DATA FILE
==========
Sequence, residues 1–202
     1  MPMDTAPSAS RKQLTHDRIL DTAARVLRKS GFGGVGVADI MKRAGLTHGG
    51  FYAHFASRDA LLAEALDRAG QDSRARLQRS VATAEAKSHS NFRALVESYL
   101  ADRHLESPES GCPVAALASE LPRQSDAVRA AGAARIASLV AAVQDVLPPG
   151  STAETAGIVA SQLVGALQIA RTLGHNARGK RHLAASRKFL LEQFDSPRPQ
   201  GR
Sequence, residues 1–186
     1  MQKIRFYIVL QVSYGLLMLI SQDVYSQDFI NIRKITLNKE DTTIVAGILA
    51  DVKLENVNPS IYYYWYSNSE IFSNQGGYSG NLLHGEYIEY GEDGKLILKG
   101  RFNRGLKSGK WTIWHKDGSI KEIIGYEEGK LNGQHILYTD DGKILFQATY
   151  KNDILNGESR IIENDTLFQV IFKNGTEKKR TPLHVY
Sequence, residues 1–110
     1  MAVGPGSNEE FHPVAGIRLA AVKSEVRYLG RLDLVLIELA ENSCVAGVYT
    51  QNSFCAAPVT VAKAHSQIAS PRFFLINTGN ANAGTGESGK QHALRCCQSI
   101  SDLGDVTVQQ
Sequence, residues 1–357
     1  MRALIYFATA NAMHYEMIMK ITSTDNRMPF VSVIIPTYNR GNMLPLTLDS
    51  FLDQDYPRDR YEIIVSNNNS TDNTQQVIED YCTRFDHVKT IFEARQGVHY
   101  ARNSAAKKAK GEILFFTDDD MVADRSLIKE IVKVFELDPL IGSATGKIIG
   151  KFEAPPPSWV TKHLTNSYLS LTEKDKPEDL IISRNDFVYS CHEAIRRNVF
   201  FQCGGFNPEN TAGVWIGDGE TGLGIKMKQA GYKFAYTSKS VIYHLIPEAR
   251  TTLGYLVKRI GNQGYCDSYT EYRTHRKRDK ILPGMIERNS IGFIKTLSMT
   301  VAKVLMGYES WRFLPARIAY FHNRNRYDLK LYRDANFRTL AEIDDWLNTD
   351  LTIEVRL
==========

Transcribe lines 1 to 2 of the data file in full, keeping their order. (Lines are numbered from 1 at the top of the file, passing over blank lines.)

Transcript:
Sequence, residues 1–202
     1  MPMDTAPSAS RKQLTHDRIL DTAARVLRKS GFGGVGVADI MKRAGLTHGG